Pregnant? How to Stay Safe on Super-Hot Days

What you can do to minimize your risks.

Pregnant Woman In Summer Heat Tetiana Iatsenko/Shutterstock

There are a lot of reasons to love summer—long days, bright sun, warm temperatures—but sometimes, when those temps rise too high, it can be dangerous...especially for pregnant women. 

"Basically when it's very hot outside, it's very easy for pregnant women to get dehydrated," Jonathan Schaffir, MD, Associate Professor in the Dept. of Obstetrics and Gynecology at The Ohio State University's Wexler Medical Center, told Fit Pregnancy. Since this summer is supposed to be a scorcher, it's important for pregnant women to understand the risks—and since summer is a thing to enjoy, it's also important that they learn the best ways to stay safe while still soaking up a bit of sun (after applying SPF, of course!).

According to Dr. Schaffir, pregnant women are more susceptible to dehydration. "Especially further along in pregnancy—that increased tissue inside [makes it] harder for them to dispel heat because they are are keeping all that heat inside their [larger-than-normal] pregnant bodies."

Physical size isn't the only thing that can up a pregnant woman's odds of becoming dehydrated. "Pregnancy causes blood pressure to drop because blood vessels tend to dilate a little more," Dr. Schaffir explained. "When women are upright, especially—if there's not enough fluid in the blood vessels, it doesn't get to the brain enough. That's why pregnant women tend to feel faint more easily than women who are not pregnant."

But does all this mean that pregnant ladies can't enjoy a bit of heat during the warmer months? Not necessarily. It's just a matter of listening to your body. According to Dr. Schaffir, feeling faint or lightheaded is the main sign that you may be dehydrated, but there's another way dehydration could affect your pregnancy. "Women who are pregnant are more likely to have contractions and general aches and pains when they are not well hydrated," he said.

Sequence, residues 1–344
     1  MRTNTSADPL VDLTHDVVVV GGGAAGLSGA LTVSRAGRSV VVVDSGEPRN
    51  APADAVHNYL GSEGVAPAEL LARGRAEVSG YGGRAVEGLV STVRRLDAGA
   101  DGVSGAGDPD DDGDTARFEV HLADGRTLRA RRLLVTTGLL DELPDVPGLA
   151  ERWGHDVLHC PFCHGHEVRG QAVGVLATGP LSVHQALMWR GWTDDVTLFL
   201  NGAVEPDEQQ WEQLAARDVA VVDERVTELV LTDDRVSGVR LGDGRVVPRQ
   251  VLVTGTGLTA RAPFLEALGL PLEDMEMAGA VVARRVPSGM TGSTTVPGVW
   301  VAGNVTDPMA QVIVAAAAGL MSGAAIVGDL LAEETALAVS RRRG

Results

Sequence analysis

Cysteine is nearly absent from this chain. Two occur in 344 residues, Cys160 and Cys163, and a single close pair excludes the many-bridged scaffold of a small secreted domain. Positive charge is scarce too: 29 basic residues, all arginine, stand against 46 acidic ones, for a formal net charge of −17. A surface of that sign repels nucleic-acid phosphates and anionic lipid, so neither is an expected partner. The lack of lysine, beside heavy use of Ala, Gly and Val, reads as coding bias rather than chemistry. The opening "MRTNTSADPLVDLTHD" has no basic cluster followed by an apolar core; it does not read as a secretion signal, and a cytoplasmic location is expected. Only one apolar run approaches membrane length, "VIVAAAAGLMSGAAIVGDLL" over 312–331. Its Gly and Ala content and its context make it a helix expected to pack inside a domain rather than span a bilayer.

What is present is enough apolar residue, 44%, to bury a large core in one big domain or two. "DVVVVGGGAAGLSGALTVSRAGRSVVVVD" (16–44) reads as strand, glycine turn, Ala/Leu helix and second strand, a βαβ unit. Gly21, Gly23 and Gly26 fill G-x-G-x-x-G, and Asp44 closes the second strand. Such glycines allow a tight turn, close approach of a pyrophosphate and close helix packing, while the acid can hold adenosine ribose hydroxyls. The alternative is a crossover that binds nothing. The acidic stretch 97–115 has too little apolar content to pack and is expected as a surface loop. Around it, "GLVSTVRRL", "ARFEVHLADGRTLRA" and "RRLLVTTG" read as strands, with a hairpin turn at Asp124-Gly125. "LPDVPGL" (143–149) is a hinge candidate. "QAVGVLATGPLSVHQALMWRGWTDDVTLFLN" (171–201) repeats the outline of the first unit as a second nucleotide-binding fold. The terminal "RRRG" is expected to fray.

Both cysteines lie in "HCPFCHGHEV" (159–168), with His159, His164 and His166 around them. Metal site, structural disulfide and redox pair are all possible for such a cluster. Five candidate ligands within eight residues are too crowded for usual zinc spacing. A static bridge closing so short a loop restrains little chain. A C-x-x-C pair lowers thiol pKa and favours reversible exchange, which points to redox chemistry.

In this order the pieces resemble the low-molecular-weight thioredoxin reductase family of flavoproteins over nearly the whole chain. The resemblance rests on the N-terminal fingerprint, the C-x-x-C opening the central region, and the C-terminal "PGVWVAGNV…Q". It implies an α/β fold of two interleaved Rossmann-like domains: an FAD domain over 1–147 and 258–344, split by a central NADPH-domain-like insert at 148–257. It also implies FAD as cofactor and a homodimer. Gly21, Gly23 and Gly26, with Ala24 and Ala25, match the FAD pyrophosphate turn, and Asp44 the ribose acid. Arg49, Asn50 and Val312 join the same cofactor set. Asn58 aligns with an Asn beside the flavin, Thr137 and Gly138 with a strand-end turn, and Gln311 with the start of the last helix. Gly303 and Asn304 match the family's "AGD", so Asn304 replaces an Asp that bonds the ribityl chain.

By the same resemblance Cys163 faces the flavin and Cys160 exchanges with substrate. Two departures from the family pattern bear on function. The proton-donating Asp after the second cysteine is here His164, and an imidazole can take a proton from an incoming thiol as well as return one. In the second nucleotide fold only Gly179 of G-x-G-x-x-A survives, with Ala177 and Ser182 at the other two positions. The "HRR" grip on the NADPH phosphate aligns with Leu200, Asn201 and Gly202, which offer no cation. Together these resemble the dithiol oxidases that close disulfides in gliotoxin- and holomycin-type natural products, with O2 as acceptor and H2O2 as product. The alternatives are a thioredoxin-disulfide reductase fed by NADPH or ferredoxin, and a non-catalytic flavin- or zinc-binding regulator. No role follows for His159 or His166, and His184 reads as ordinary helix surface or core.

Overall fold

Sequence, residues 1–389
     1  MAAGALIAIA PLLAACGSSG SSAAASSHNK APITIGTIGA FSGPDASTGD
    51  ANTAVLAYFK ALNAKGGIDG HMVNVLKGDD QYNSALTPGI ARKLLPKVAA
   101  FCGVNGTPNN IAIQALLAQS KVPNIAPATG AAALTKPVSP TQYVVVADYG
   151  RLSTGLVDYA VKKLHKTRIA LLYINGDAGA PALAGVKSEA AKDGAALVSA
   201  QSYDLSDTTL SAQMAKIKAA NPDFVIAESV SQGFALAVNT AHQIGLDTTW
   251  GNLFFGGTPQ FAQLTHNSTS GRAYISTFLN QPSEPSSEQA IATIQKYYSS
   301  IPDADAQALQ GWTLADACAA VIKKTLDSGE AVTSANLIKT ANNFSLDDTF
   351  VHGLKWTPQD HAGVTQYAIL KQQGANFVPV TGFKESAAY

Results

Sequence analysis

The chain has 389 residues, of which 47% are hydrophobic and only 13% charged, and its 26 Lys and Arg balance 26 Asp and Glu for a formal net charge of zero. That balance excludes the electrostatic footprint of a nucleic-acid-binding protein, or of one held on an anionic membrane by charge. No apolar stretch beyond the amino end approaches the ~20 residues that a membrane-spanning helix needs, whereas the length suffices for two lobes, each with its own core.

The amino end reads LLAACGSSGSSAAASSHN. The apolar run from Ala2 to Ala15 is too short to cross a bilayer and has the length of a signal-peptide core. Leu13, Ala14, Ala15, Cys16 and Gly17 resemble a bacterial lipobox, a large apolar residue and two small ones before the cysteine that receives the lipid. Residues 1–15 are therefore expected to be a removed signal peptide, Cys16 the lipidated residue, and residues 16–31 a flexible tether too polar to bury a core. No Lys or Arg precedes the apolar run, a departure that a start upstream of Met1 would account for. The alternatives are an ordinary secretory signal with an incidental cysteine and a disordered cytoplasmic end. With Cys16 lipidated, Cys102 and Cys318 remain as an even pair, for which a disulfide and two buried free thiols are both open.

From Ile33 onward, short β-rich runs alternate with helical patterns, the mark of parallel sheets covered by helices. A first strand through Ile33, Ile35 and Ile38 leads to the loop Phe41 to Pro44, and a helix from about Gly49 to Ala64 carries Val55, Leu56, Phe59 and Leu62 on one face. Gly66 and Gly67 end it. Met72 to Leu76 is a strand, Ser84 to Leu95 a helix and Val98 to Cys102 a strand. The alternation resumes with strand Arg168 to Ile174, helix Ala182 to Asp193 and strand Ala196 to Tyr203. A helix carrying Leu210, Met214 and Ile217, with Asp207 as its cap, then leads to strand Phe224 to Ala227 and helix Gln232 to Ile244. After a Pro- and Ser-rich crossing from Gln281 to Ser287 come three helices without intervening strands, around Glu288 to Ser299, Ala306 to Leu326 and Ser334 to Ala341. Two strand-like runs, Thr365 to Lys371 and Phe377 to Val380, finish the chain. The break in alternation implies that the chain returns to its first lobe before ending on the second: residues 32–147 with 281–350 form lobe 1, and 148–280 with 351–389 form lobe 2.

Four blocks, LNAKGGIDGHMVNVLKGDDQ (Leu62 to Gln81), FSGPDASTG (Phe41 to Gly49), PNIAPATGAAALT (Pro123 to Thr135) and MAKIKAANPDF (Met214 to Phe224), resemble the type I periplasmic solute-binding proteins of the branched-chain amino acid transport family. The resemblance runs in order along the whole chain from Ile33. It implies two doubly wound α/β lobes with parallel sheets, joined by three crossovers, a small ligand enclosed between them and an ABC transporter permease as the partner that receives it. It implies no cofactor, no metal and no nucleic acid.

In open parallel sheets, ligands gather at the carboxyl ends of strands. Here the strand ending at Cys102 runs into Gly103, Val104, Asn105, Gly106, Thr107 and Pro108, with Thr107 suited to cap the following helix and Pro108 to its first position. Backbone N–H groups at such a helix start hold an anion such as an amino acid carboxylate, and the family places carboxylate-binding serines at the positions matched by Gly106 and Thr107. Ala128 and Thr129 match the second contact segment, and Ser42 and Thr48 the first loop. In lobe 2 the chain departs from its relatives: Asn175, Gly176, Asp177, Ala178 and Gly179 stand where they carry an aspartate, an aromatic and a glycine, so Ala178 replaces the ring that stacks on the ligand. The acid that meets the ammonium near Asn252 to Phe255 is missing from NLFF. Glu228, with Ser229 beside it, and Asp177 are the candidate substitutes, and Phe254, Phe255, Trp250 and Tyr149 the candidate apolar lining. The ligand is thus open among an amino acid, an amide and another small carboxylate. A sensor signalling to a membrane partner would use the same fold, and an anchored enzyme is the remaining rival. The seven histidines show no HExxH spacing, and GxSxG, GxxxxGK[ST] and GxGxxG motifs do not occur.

Passing out, pre-term labor and contractions are major risks when pregnant women become dehydrated, according to Dr. Schaffir. Women with placenta previa and anemia need to be especially careful to avoid these issues. How does one do that? Dr. Schaffir said that it's all about hydration. Make sure you're drinking lots of water throughout your pregnancy, especially when you're in a hot place.

"I think women should use their judgement," Dr. Schaffir said, adding that there's no real maximum amount of time that pregnant women are allowed to be outside. "If they start to feel lightheaded and weak and dizzy, they should definitely come in from the heat. With someone who is generally fit and healthy and drinking adequate amounts of water, I think there's no absolute time limit [for heat exposure.]"

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